Archive for the ‘ Books ’ Category

Apple is making headlines again. I am sure you have heard the buzz that Apple this week rejected Sony’s eBook reader application for the iPhone. Yeah, quite the bummer, I know.

Instantly after it became known that Apple rejected the app people began to discuss the ramifications of that move. It would seem at this point that Apple rejected the app in an attempt to curb in competition for their own iBookstore. It does go a little deeper, however. The issue in question here is that Apple does not want distribution channels to cut them out of the revenue stream. When readers buy books through the Kindle app on the iPhone for example, they buy them directly from Amazon and Apple is seeing not a cent of that transaction.

Apple, with a bit of a sore loser attitude here, wants to change that and the rejection of the Sony reader was based on that issue. Somehow, Sony will have to find a way to channel sales through their reader app through iTunes to make sure Apple will make some money also. They become a middle-man all of a sudden. A quantity no one had counted on, and it certainly won’t make them popular among the distributors or the publishers, especially when this procedure will trickle down to Amazon’s Kindle reader software also — and it will, there I have no doubt.

As an author I am paying Amazon already to sell my book, now I will have to pay Apple on top of it if a reader buys a book through the iOS Kindle reader. Not a very pleasant prospect. If you take a 99 cent book, for example, Apple will take 30% off the top of that, leaving 70 cents for Amazon. Amazon then takes a whopping 70% off the top of that, leaving a ridiculous 20 cents to be paid to authors.

If you take a $2.99 eBook, for example, the monies paid to authors will be a mere $1.46, instead of the $2.10 they would otherwise receive. Notice, how in all these transactions Apple would be to make more money than Amazon, actually, given current royalty structures.

Like I said, Apple is not going to make a lot of friends with this, I guarantee it. And hey, why stop there? An eBook reader is nothing more than a specialized web browser – eBooks are based on on HTML formats – and as such, the purchases themselves are nothing more than web transactions. So, why stop here? Why not force all web transactions to pay its dues to Apple? Imagine how much money you could make if you would skim of monies on top of every transaction initiated through an iOS device… or, what the heck, every Mac even? Yeah, corporate greed is a glorious thing…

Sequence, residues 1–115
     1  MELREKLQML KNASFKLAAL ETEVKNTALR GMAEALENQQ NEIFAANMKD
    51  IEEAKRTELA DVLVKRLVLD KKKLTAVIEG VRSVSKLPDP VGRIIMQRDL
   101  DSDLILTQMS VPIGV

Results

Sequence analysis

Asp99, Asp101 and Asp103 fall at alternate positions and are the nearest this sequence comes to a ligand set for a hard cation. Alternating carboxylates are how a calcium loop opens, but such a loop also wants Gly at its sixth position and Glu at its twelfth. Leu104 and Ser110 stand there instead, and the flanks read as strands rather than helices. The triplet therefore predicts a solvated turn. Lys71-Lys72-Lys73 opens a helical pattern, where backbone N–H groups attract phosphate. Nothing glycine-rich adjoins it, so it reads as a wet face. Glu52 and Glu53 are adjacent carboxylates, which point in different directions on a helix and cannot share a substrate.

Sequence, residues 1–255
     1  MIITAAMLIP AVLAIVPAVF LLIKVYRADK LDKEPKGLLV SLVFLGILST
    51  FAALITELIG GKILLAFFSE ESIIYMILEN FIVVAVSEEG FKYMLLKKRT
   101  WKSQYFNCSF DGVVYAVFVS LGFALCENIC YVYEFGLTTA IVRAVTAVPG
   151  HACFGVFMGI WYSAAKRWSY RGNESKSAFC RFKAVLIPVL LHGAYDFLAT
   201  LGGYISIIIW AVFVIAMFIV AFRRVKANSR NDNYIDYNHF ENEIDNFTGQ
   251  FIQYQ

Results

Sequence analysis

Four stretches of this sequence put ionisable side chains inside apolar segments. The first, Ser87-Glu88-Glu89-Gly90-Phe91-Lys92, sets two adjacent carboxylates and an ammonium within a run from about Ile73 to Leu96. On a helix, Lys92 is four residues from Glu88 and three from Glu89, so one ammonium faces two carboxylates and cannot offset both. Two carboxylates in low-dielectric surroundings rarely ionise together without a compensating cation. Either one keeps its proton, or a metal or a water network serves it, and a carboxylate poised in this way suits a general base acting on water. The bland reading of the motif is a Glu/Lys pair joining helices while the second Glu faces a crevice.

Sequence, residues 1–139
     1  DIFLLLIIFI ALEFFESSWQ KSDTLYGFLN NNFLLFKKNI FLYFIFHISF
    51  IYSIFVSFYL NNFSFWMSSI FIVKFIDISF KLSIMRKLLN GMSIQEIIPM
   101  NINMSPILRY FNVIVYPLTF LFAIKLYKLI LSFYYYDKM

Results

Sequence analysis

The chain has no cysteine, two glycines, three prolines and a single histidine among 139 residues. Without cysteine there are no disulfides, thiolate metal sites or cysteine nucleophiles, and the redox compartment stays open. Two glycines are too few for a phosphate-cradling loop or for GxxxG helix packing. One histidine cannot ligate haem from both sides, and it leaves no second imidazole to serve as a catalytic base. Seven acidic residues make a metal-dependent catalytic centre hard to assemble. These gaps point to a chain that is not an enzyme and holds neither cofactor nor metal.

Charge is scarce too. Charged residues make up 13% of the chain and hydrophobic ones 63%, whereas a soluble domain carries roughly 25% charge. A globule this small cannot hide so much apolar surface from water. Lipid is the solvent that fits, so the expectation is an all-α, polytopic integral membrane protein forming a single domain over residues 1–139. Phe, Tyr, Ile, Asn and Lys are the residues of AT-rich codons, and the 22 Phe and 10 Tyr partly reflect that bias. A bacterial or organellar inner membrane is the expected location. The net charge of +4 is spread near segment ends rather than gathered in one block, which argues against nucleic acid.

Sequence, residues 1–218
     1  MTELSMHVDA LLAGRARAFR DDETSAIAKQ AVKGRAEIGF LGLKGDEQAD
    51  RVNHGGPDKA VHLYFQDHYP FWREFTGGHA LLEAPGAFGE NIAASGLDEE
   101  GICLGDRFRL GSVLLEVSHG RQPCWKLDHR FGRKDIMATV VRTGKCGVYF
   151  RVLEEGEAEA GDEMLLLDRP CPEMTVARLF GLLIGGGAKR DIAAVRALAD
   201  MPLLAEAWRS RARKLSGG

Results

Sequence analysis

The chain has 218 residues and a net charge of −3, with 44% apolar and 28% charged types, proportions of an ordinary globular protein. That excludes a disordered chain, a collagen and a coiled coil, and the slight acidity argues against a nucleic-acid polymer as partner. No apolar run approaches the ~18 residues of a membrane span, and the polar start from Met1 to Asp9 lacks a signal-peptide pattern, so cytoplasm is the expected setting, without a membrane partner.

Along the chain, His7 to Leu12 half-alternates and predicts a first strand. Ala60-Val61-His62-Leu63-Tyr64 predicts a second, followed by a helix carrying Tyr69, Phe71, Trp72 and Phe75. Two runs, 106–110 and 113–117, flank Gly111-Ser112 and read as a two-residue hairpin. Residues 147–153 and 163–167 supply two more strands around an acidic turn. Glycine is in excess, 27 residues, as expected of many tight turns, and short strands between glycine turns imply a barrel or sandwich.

A move like the one Apple just initiated is not entirely surprising, however. In their own way, Apple completely botched the iBooks launch, and now comes the knee-jerk reaction to keep stockholders happy. It doesn’t happen very often that the company gets things really wrong, but occasionally it happens, and while iTunes dominates music downloads, their ebook effort simply never took off.

The reasons are manifold, as you’d expect. While they got the royalty thing right — essentially forcing Amazon’s hand to match their 70% rate — the iBookstore as a whole is very publisher and reader-unfriendly.

The fact that you need special software to upload an industry-standard ebook to the store is highly detrimental to the process, especially since it requires an Apple computer. Being a Mac user, for me that is not a problem at all, but I have many author friends who do not take kindly to it — and I can certainly sympathize.

The approval process could be called tedious at best, and it can easily take four weeks for a book to finally show up in the iBookstore. Compare that to Amazon’s, Barnes&Noble’s or Kobo’s 24-hour turn-around and you can easily see that Apple is simply not playing in the same league here.

The same is true for the user experience. In Amazon and Barnes&Noble you can search for books based on a wild range of criteria. In fact, Amazon in particular, has a search engine that compares favorably to Google. With such powerful tools at consumers’ hands, people will always find what they are looking for. And should you be out of luck, you will always stumble across countless other exciting books.

In the iBookstore you are shit out of luck of you don’t know exactly what you’re looking for. Apple’s search engine does not even allow you to search for partial titles the last time I checked and all too often a search will come up with zero results. Can you imagine all the lost upsell potential that authors are missing here? Or, to put it differently, Apple makes the discovery of authors impossible. For a reader looking for something to read that means that the odds are you won’t find anything, unless you knew what you were looking for going in.